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AWS seemingly behind proposal to rebuild defunct HP data centre in Swindon

Written by Mon 19 Apr 2021

Similarities between Swindon proposal and recent Didicot A power station project backed by Amazon Web Services

A proposal has been submitted to rebuild a defunct Hewlett-Packard data centre facility near Swindon. The former HP site was made up of two separate buildings, which will be torn down and replaced with a single building consisting of four data halls.

The new facility will include N+1 data redundancy and 10 diesel generators at 2MW each, consistent with a data centre footprint of 27MW.

The tear down and rebuild plan was submitted on behalf of Mullhaven Properties LLC of Denver; which is apparently a shell company used to disguise the actual investor behind the project.

This is a tactic that is commonly used by large corporations in the initial stages of large-scale data centre projects like this: allowing companies to negotiate tax deferrals, organize construction and materials, and get community support without the baggage often associated with being one of the largest companies in the world.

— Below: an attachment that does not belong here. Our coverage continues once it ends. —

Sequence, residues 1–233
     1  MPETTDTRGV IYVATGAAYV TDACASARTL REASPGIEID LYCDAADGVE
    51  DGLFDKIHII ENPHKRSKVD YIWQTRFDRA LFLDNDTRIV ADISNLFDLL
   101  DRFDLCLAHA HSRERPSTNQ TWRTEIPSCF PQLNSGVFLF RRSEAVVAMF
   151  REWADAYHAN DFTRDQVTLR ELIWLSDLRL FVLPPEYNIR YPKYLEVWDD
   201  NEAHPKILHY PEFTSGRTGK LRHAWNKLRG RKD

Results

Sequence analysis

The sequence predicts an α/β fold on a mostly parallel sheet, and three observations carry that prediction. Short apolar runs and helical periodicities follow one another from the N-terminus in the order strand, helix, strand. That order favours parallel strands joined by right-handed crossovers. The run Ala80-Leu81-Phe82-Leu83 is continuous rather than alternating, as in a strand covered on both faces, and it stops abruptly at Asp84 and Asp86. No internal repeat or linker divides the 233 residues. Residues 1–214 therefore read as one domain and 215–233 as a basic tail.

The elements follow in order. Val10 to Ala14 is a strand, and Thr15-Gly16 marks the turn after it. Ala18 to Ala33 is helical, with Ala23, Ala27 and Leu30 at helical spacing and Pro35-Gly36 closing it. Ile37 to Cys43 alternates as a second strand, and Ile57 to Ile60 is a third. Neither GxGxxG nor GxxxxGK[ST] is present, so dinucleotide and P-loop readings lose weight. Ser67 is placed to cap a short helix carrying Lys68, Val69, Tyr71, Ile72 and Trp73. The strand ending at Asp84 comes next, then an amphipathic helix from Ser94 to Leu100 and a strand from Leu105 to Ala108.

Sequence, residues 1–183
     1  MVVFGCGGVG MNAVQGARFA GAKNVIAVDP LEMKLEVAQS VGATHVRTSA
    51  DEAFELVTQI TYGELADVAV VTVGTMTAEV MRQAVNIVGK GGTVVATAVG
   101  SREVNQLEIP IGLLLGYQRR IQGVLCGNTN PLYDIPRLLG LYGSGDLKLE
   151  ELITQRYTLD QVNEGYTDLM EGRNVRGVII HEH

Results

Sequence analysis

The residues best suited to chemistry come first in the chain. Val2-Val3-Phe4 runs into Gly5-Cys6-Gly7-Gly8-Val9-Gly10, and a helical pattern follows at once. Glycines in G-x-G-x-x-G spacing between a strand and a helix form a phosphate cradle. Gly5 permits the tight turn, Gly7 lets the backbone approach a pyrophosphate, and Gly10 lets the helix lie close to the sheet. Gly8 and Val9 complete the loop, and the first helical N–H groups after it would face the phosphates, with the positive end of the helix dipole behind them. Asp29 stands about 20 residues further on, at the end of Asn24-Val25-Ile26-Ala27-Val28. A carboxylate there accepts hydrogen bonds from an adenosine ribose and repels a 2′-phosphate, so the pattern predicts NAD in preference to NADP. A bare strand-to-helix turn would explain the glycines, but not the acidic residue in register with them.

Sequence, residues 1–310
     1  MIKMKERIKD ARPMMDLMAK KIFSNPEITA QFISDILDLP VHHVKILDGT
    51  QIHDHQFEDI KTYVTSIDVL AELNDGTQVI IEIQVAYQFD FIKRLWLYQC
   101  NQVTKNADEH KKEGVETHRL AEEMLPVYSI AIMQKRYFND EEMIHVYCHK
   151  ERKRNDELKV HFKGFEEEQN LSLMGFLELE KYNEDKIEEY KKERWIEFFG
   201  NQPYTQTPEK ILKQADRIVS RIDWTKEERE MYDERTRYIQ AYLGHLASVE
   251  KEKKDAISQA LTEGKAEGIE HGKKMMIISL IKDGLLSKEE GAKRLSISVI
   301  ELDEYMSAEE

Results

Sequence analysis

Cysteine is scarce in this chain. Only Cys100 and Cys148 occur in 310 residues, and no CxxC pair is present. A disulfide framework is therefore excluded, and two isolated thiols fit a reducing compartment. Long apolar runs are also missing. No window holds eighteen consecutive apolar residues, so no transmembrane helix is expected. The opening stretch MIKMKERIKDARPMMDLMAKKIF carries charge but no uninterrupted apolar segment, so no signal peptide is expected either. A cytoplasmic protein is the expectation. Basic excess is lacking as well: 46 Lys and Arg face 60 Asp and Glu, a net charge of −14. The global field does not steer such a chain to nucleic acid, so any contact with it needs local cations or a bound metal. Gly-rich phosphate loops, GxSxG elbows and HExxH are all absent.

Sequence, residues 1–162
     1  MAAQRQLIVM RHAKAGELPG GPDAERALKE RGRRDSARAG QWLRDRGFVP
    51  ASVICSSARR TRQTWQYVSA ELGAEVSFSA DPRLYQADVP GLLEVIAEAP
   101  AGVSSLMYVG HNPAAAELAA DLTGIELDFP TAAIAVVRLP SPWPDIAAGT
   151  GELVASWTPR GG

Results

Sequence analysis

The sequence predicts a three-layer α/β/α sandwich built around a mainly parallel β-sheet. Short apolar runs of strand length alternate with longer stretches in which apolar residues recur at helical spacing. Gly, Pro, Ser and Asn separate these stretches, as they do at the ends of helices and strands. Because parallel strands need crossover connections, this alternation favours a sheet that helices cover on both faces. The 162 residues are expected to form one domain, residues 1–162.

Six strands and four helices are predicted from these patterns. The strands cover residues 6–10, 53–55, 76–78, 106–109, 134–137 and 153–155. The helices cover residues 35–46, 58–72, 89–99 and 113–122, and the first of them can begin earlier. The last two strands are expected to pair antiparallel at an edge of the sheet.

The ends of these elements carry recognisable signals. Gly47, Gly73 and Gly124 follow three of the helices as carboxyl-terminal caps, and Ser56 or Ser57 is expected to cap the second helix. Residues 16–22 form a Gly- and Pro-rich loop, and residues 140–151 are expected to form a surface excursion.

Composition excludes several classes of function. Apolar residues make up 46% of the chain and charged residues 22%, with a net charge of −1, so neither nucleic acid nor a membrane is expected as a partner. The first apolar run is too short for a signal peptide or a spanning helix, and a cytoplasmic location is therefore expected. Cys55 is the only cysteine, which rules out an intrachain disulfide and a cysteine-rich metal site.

While the actual owner of the project has not been stated openly, there are many similarities between the Swindon proposal and the recent Didicot A power station project in Oxfordshire, backed by Amazon Web Services.

The Didicot A power station rebuild was also proposed under the name of a shell corporation: that one, Willow Properties instead of Mullhaven. The two projects are of a similar size and layout; and while the Swindon proposal doesn’t mention AWS directly it does mention that the client is focused on sustainable and renewable energy, with a goal of net-zero carbon by 2040 and 100% renewable energy by 2025.

These details align with Amazon’s Climate Pledge, which includes stated goals of net-zero carbon by 2040 and 100% renewable energy by 2025.

The bid to expand the Amazon data centre footprint in the UK may be the result of some disappointing 2020 returns that were recently published, showing a 28% drop in pre-tax profits for its Irish data centre arm. While Amazon has a number of owned data centres that support both its core business and Amazon Web Services, the actual global footprint is believed to rely more heavily on colocation than owned and operated facilities.

However, as demand for data centre services increases, the company may very well be looking to transition to newly-constructed or refurbished data centres rather than colocation, both to shore up profits and to reach sustainability goals.

Written by Mon 19 Apr 2021

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